Bold packaging choices sparks controversy and curiosity

13 Sep '23

Bold packaging choices sparks controversy and curiosity

Bold packaging choices sparks controversy and curiosity

The Japanese beverages giant, Asahi and manufacturer of the well-loved Solo soft drink, has caused a stir with its recent launch of an alcoholic version of the iconic beverage, named  ’Hard Solo’  into  the Australian market. This audacious move has not only captured the attention of consumers but has also raised significant concerns within the community.

The launch of the alcoholic rendition of Solo, has been regarded as a stroke of genius by industry experts. By leveraging the enduring popularity and nostalgia associated with Solo, Asahi has seamlessly expanded its product line, aiming to capture the loyalty of its existing consumer base while intriguing a new segment of customers.

The introduction of the Hard Solo alcoholic product, with a packaging design strikingly similar to the long-established non-alcoholic Solo brand, has ignited a wave of controversy. Whilst there are minor distinctions in packaging colours, the resemblance between the two products at a glance has triggered discussions about the creative reasoning behind this approach (despite Asahi rejecting this notion of course).

Let’s consider the potential strategic motivations that led to this decision:

Navigating Nostalgia and Continuity: The iconic non-alcoholic Solo lemon soft drink holds a special place in consumers' hearts due to its nostalgic associations. By adopting a packaging design reminiscent of the original, the brand capitalises on this emotional resonance, drawing consumers into trying a new iteration of a beloved classic.

Consistent Brand Cohesion: Retaining a packaging design with resemblances to the non-alcoholic Solo ensures a seamless transition for the existing customer base. This strategy aims to create a sense of comfort and familiarity, guiding loyal consumers toward the new alcoholic offering and encouraging exploration.

Expanding Horizons: If the non-alcoholic Solo drink caters to a specific demographic, mirroring the packaging for the alcoholic counterpart can be seen as a strategic move to introduce the product to a slightly older or different target audience. This alignment facilitates a smoother extension of the brand's influence while preserving its core essence.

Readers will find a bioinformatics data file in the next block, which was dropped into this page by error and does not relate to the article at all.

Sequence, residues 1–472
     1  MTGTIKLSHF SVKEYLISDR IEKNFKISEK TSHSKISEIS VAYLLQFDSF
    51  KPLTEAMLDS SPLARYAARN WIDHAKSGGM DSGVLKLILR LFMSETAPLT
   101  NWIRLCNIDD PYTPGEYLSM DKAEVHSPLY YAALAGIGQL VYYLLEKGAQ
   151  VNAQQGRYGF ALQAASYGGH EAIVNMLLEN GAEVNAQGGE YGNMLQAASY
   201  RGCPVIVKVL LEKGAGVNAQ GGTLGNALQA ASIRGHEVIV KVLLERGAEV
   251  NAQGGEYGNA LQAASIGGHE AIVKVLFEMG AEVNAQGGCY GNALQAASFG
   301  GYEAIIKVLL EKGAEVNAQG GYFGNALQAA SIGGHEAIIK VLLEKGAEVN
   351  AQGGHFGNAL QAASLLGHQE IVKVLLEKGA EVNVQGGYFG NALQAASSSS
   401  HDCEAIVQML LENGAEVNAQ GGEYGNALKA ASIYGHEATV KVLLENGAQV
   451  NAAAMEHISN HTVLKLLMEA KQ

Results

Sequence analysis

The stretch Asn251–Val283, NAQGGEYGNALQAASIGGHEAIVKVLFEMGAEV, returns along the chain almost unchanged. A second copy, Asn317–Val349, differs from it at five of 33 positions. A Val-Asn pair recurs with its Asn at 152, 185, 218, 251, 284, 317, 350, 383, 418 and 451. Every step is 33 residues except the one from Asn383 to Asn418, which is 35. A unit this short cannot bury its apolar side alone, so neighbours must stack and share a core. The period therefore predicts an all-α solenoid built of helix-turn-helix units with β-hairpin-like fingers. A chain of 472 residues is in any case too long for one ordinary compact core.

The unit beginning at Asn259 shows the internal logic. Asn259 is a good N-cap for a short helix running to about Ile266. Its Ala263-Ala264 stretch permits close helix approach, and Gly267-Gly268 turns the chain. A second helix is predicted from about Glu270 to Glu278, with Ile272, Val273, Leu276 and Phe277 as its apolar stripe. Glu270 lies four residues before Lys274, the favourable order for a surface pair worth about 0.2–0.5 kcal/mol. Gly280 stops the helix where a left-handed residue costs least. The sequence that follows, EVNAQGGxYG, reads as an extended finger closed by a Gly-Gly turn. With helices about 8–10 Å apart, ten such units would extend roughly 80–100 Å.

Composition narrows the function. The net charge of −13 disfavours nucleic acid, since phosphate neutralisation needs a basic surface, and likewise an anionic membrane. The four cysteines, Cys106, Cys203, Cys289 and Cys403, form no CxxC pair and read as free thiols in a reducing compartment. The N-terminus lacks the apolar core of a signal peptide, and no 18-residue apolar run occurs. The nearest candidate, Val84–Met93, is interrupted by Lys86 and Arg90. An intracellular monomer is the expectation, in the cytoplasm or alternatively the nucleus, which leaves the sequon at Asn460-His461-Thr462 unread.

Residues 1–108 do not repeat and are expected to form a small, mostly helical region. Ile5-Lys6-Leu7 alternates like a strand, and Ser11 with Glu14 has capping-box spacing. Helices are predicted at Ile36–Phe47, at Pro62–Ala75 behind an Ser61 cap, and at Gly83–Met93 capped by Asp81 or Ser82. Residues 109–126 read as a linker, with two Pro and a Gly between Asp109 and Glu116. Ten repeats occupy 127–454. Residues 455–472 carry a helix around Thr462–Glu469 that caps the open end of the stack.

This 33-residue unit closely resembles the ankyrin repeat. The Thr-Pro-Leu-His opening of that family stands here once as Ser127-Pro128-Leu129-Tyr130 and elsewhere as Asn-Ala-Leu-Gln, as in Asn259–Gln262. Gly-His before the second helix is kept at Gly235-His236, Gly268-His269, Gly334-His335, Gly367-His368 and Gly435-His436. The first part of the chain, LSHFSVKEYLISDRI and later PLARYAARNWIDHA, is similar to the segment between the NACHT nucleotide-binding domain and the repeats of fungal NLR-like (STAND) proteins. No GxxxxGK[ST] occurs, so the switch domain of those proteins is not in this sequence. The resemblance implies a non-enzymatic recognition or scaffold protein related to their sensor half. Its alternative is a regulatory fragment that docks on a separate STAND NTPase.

Tapping into Established Trust: The development of brand equity is an arduous journey, and leveraging a familiar packaging design is a means to harness the positive sentiments and credibility that have been cultivated over time. This connection with the original product can significantly influence consumers to embrace the new alcoholic variant.

Harmonising Innovation with Familiarity: Successfully innovating while retaining customer trust can be complex. Employing a packaging design reminiscent of the non-alcoholic beverage allows the brand to communicate its innovative spirit within a recognisable framework, demonstrating progress without severing connections with its heritage.

Strategic Market Differentiation: In a competitive market landscape, where visual identity plays a pivotal role, an approach that utilises similar packaging can carve a unique space. Amidst a sea of distinct visual cues, this strategy positions the brand as instantly recognisable, inciting curiosity and potentially bolstering sales.

Narrative of Evolution: A compelling narrative could be woven around the journey from the original lemon soft drink to the creation of an alcoholic counterpart. The packaging, within this context, could visually recount the brand's commitment to quality and flavour, showcasing a natural evolution while upholding its legacy.

The strategic decision to introduce an alcoholic version of the traditional Solo lemon soft drink, with a packaging design reminiscent of its non-alcoholic counterpart, can be viewed as a calculated move to harness brand loyalty, expand consumer outreach, weave a cohesive brand narrative, embrace innovation, and stand out in a competitive market.

If your brand has a strong legacy or nostalgic connection with consumers, consider tapping into this sentiment to create a bridge between old and new products. This approach can evoke positive emotions and make consumers more receptive to trying something new, but let's make sure we don't intentionally try and confuse the audience. Talk to 2CM today!